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Strategies for Pre-Reading | The Benefits of Wordless Books

 

One of my favorite tools to use in speech therapy is a wordless book. They have endless (okay, maybe not completely endless, there is a story in those pictures) possibilities for creating, imagining, predicting, and story telling.

Here are the top 10 reasons why I LOVE wordless books for kids:

1.    It’s reading before reading. These books can empower a young child to be the storyteller instead of having to listen mom or dad read the words. This encourages story telling skills, language and overall comprehension.
2.    It increases vocabulary.  You can use the objects or actions in the books to introduce new words to your child. It’s also a great way to work on synonyms. For example, your child might say, “The dog ran fast” and you could talk about other ways you express what’s happening in the picture (“The dog ran quickly”).
3.    It works on inferencing. Without words, your child will have to rely solely on the pictures to infer what is happening in the story. You can probe further by asking, “How did you know that?”
4.    It works on predicting. You and your child can talk about what you might think will happen next based on the picture you’re looking at; you can also talk about why they made that prediction.
5.    It introduces story structure. Your child will learn about the beginning, middle, and end of the story as he describes each picture. At the end of the book you can go back and identify, then discuss, each part.
6.    It promotes creativity. Your child is not constricted to the words on the page in wordless books. Because there are no words, the pictures on each page often have a lot to say. This encourages your child to go above and beyond with his story telling.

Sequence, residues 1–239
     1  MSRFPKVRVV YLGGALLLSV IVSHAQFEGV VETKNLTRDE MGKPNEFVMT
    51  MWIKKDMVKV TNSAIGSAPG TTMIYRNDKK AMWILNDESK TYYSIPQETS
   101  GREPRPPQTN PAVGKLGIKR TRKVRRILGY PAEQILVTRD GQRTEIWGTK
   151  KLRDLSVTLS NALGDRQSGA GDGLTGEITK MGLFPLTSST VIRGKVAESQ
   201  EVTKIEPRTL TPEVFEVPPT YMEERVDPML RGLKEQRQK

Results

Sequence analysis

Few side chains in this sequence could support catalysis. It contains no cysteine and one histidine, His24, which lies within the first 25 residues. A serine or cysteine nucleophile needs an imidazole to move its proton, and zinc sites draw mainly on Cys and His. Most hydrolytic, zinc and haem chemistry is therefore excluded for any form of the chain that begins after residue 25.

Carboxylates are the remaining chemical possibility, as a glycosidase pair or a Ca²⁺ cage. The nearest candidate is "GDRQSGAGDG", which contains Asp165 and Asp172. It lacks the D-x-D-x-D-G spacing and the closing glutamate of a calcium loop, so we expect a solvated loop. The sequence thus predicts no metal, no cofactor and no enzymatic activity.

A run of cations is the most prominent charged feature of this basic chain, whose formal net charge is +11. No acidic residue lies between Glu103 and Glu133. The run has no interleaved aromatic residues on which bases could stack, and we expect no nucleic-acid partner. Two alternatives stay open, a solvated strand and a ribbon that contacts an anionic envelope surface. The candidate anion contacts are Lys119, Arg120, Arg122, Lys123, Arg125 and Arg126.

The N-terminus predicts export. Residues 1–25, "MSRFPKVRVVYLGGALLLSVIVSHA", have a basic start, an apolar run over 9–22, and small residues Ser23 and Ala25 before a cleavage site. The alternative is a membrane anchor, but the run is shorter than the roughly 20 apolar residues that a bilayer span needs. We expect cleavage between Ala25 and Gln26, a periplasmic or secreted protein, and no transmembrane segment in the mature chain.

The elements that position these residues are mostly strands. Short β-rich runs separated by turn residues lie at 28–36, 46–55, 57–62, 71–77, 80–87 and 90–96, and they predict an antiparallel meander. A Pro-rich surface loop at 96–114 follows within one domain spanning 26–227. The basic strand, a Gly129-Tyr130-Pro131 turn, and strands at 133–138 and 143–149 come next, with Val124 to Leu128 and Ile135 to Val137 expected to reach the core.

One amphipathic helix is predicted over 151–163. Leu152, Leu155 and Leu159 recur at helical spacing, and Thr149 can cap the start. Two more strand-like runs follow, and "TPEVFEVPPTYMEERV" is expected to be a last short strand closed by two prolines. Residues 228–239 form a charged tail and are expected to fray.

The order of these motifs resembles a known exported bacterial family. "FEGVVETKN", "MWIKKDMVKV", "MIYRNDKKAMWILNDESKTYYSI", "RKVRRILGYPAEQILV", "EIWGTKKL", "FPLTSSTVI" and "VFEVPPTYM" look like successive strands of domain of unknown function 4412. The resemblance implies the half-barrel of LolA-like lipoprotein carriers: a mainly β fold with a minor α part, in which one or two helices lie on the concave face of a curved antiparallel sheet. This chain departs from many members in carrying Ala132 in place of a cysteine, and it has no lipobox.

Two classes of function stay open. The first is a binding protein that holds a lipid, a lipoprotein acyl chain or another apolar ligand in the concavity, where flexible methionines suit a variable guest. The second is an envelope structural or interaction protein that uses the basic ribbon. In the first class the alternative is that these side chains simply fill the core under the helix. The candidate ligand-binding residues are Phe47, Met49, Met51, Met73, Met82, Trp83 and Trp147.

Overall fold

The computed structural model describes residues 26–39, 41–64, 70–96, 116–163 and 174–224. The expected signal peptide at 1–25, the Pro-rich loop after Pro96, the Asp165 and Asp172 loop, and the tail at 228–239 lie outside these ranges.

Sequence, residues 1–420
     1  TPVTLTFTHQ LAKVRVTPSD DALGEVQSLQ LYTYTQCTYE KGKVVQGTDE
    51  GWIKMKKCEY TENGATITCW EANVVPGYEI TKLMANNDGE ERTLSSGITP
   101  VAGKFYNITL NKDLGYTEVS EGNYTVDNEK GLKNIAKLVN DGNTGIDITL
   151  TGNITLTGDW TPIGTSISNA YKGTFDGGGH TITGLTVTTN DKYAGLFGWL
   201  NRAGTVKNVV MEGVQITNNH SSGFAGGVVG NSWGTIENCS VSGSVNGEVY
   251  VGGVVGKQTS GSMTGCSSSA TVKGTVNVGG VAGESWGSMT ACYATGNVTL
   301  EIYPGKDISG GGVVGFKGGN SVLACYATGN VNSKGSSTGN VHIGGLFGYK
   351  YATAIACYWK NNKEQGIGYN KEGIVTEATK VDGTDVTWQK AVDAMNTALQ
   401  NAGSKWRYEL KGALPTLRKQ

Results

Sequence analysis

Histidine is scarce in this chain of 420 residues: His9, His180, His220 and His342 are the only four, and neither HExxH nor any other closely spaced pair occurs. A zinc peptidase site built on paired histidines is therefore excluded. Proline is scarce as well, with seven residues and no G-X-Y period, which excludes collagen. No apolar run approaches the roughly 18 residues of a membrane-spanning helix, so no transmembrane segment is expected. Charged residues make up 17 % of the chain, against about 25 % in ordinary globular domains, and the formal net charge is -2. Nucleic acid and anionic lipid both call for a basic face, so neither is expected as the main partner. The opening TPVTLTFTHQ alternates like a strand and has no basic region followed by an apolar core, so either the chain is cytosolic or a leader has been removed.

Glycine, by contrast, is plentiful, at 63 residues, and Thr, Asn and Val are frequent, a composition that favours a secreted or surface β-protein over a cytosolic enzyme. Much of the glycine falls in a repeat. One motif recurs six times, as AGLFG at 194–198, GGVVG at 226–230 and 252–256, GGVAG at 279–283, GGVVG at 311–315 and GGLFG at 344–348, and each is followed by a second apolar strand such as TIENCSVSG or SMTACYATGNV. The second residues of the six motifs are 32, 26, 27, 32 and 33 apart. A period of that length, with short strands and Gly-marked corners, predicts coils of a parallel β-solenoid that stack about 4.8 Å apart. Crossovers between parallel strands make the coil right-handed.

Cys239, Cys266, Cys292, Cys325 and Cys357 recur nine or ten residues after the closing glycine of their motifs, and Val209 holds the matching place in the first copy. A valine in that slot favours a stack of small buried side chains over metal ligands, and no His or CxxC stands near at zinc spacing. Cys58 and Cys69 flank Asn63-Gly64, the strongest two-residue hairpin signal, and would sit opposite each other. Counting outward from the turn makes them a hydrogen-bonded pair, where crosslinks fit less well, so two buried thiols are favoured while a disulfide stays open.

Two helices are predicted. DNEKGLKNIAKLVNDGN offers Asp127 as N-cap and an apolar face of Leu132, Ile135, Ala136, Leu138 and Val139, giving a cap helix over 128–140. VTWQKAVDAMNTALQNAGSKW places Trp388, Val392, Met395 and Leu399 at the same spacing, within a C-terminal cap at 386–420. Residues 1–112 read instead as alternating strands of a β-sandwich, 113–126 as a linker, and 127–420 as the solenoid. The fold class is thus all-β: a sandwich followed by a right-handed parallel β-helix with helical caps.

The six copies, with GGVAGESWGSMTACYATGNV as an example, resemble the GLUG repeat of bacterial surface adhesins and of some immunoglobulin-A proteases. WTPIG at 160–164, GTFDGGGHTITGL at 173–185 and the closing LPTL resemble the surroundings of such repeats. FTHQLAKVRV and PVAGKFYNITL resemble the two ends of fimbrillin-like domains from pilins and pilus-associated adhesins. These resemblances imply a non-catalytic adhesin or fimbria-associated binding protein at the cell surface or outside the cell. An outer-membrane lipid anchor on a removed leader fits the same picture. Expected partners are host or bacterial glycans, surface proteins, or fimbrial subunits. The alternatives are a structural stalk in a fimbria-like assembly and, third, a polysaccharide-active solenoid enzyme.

7.    It helps with story retell. I’ve noticed that children who have difficulty retelling stories they’ve read or heard can retell stories that they have helped develop much easier. Wordless books provide a great building block to retelling stories they have read or heard.
8.    It can help with written language. Older children can write their stories down instead of verbally expressing them. This is a great way to work on descriptive language, sequencing, and overall cohesive writing.
9.    It encourages higher level thinking skills. Some of the pictures can be abstract. This opens up questions like, “What if?” and “What would you do?” “What would it be like to___?”
10.    Wordless Books are fun! I love that the story is always changing and evolving each time you “read” it. Children love to create and use their imaginations, and wordless books provide an outlet for that. It’s amazing to see the ideas that children have and they way they process the information. They may have a completely different idea of what’s happening in the picture than you do; and you may realize, that their idea is often more imaginative and original than your own.

Here is a quick list of some of my favorite wordless picture books:

  • Good Dog, Carl by Alexandra Day
  • The Lion and The Mouse by Pinkney
  • *A Boy, a Dog and a Frog by Mercer Mayer
  • *Frog Goes to Dinner by Mercer Mayer
  • *The Chicken Thief by Beatrice Rodriguez
  • *Fox and Hen Together by Beatrice Rodriguez
  • *Jack and the Missing Piece by Pat Schories
  • *Breakfast for Jack by Pat Schories
  • The Snowman by Raymund Briggs
  • Tuesday by David Wiesner

* Indicates a book series

Click here to read more about the stages of reading development.  If you have concerns about your child’s early reading, contact our Blossom Reading Program.